Re-appearance of single or multiple positive smears or cultures should be considered as possible evidence of treatment failure. Therefore, patients should be re-evaluated to determine the course of action. The DST should be repeated to determine whether this is a different strain from the initial one or there has been resistance amplification. During this period two or more drugs should be added to the regimen whilst awaiting DST results.

If the strain and resistance profile is similar to the initial one, this could be treatment failure in which case the treatment may be modified based on resistance profile, or extended until the patient has had 18 consecutive months of negative cultures.

If the strain and resistance profile is completely different from the initial one, this could be due to contamination or a new infection, the latter being the least likely. The cultures should be repeated twice and documented as negative before concluding that this is due to contamination.


14.11. Treatment Completion


The patient is considered to have completed treatment when s/he has completed at least 18 months of treatment after culture conversion and 24 months for those who had extensive lung damage at the initiation of treatment. Bacteriological, clinical, and radiological information must be considered when determining the end of treatment for MDR- and XDR-TB.


14.12. Follow-up After Treatment Completion


Patients who complete a full course of MDR- or XDR-TB treatment should be followed up for at least two years after cure. The follow up visits must be conducted every six months and should mainly focus on:

  • Assessing the patient for symptoms and signs of relapse.
  • Conducting smear and culture every six months.
  • Conducting radiographic evaluation as needed for development of respiratory symptoms.
  • Monitoring response to ancillary medicines in patients who had residual lung disease.

Patients should be advised to report to the nearest clinic when they experience symptoms of TB at any stage. Patients failing to come for appointments must be traced. Therefore knowledge of each patient’s residence during the follow-up phase must be obtained.


14.13. MDR- and XDR-TB Treatment Failures


Treatment failures are considered when no response to treatment is seen at six months of treatment (i.e., if bacteriological conversion is not seen or if clinically deterioration is evident). Re-assessment of the regimen and treatment plan, and formulation of a new plan of action are necessary. Avoid adding one or two drugs to an apparently failing regimen, instead redesign the regimen with four effective drugs. Once a patient gets two or more new drugs included in the regimen, with or without omission of certain drugs; this should be considered as a new regimen. The patient will receive an outcome of treatment failure and recorded in a new treatment cohort.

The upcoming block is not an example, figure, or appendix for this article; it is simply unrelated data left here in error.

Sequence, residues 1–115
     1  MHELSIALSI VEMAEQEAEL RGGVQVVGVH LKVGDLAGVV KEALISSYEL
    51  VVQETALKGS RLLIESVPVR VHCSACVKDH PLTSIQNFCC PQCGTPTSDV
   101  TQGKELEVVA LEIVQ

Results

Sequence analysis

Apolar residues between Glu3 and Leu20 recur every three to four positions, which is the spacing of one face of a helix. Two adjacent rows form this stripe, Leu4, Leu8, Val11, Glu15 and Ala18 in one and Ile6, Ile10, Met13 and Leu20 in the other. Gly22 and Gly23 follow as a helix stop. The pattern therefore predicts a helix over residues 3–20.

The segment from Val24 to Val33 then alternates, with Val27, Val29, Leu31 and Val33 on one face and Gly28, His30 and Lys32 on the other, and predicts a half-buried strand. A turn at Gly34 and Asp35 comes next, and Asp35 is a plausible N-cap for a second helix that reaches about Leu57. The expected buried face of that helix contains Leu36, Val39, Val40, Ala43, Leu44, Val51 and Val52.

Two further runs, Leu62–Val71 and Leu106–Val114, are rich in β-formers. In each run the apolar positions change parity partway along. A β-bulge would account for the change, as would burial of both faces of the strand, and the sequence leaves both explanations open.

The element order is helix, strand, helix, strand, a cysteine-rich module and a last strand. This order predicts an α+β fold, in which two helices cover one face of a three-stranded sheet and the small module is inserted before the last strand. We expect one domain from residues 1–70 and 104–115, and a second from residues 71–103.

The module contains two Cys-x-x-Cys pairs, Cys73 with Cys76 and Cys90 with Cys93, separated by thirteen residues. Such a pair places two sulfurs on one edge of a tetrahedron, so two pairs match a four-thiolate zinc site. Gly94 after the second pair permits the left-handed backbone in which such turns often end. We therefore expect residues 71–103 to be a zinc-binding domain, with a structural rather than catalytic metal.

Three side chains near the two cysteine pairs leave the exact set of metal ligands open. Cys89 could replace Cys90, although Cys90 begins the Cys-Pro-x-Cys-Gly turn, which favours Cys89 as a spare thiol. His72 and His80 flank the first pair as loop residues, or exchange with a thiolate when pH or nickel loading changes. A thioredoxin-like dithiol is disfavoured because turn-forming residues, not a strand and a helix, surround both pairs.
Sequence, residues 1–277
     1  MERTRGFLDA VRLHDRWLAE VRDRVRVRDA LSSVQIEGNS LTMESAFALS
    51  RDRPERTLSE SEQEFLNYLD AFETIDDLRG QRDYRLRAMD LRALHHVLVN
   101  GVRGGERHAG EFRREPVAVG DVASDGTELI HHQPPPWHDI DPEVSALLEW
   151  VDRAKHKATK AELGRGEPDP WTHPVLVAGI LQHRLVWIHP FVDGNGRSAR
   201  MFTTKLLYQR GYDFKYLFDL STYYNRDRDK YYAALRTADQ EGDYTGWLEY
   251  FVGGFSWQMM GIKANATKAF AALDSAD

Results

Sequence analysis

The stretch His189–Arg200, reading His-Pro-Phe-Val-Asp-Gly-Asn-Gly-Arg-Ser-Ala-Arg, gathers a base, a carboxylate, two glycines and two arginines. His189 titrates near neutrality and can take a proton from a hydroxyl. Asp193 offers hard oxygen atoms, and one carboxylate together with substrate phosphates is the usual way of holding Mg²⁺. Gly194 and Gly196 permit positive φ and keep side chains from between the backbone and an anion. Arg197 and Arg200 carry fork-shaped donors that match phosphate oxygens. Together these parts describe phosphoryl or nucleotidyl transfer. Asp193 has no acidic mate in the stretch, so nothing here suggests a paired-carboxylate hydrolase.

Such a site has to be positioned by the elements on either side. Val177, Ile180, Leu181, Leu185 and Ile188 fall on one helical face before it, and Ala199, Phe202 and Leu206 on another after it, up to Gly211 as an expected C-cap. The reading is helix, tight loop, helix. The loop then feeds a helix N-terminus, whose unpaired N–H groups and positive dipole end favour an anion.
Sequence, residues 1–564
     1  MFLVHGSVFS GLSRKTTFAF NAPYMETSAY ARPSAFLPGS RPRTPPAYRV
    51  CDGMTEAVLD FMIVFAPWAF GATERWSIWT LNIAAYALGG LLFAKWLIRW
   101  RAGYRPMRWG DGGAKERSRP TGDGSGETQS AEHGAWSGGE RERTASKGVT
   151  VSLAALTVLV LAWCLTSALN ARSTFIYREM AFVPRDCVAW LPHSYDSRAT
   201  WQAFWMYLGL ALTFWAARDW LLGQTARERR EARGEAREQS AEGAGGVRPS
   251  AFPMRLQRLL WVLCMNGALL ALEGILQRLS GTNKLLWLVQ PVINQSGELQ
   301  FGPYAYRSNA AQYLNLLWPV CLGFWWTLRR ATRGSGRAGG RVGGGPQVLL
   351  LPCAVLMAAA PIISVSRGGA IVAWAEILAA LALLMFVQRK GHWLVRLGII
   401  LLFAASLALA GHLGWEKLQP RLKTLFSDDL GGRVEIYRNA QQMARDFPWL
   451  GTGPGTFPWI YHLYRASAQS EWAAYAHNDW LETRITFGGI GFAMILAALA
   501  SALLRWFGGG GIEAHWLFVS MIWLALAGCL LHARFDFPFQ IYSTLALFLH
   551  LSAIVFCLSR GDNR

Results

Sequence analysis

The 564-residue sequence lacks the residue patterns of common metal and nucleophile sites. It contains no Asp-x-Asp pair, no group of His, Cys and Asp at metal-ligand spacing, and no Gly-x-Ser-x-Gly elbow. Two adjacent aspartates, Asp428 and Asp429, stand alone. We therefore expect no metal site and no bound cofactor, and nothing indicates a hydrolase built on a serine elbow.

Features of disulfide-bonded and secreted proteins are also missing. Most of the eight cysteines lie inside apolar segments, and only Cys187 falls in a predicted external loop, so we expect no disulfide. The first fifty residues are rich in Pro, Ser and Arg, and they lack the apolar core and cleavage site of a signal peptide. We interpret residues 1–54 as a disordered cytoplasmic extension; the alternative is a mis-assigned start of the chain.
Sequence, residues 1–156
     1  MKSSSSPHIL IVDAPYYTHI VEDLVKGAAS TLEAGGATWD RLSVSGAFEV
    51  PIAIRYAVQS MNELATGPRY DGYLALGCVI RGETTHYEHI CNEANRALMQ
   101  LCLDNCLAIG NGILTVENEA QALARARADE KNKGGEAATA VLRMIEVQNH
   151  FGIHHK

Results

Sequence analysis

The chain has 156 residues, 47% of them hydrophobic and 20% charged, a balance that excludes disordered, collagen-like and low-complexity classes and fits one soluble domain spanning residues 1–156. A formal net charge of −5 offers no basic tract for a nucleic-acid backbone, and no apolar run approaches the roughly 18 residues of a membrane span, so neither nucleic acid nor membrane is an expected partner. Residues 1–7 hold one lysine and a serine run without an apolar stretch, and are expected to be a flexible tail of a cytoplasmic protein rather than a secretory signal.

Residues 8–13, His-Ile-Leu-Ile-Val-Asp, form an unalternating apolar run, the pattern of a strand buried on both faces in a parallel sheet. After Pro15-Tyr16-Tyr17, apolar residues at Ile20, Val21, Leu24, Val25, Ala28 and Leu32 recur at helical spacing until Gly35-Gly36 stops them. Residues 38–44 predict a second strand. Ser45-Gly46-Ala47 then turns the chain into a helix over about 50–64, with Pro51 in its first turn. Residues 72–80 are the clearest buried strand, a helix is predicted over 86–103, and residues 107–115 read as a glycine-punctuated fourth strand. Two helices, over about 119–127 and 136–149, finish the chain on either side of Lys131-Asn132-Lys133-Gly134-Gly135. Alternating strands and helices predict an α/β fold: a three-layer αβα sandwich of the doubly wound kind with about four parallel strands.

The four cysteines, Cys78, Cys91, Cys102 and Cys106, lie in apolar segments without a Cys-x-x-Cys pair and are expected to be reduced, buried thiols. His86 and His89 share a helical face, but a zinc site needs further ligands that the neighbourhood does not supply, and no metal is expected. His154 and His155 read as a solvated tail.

14.13.1. Patients with Suspected MDR-TB Treatment Failure

Patients who show clinical, radiological, or bacteriological evidence of persistent active disease or re-appearance of disease after six months of treatment should be evaluated for possible failure. In addition, patients who show rapid clinical deterioration before month 6 should also be evaluated.

The following steps should be taken for patients with suspected treatment failure:

  • The treatment card should be reviewed to confirm adherence of patient to treatment. The healthcare worker should investigate whether the patient has taken all the medicines. A non-confrontational interview should be undertaken without the presence of the treatment supervisor.
  • A non-confrontational interview with the treatment supervisor should be done in the absence of the patient. Questions should be asked to rule out possible manipulation of the treatment supervisor by the patient. If this is suspected, the treatment supervisor should be switched to another patient and the patient assigned a new treatment supervisor.
  • The treatment regimen should be reviewed in relation to medical history, contacts, and all available treatment reports. If the regimen is deemed inadequate, a new regimen should be designed.
  • The bacteriological data should be reviewed. Often the smear and culture data provides the strongest evidence that a patient is not responding to therapy. A single positive culture in the presence of otherwise good clinical response is not necessarily indicative of treatment failure, especially if follow-up cultures are negative or the number of colonies is decreasing. Positive smears with corresponding negative cultures may reflect dead bacilli, thereby not indicating treatment failure. Repeated negative smear and culture results in a patient with clinical and radiological deterioration may indicate that disease other than DR-TB is also affecting the patient.
  • Other illnesses that may decrease absorption of medication (like chronic diarrhoea) or may result in immune-suppression (like HIV) should be excluded.

14.13.2. Patients with Apparent MDR-TB Treatment Failure

There is no single indicator that determines whether treatment is failing; however, a point is reached when it is clear that the patient is not going to improve. Signs that indicate treatment failure include:

  • Persistent positive smears or cultures after 8 months of treatment;
  • Extensive and bilateral lung disease with no option for surgery;
  • High-grade resistance with no option to add additional agents; and
  • Deteriorating clinical condition that usually includes weight loss and respiratory insufficiency.